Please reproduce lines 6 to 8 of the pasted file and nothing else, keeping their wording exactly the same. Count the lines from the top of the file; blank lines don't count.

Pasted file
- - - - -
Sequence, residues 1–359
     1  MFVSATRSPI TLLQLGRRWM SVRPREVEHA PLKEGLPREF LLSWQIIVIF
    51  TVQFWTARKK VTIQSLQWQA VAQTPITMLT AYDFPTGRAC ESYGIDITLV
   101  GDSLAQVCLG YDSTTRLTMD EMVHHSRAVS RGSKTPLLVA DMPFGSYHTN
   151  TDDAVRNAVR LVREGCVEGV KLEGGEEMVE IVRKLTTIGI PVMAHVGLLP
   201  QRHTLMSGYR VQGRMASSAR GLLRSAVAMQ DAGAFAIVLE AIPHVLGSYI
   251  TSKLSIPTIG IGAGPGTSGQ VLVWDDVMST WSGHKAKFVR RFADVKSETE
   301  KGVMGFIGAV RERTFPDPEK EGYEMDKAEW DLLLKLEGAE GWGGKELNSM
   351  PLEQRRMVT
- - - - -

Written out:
   201  QRHTLMSGYR VQGRMASSAR GLLRSAVAMQ DAGAFAIVLE AIPHVLGSYI
   251  TSKLSIPTIG IGAGPGTSGQ VLVWDDVMST WSGHKAKFVR RFADVKSETE
   301  KGVMGFIGAV RERTFPDPEK EGYEMDKAEW DLLLKLEGAE GWGGKELNSM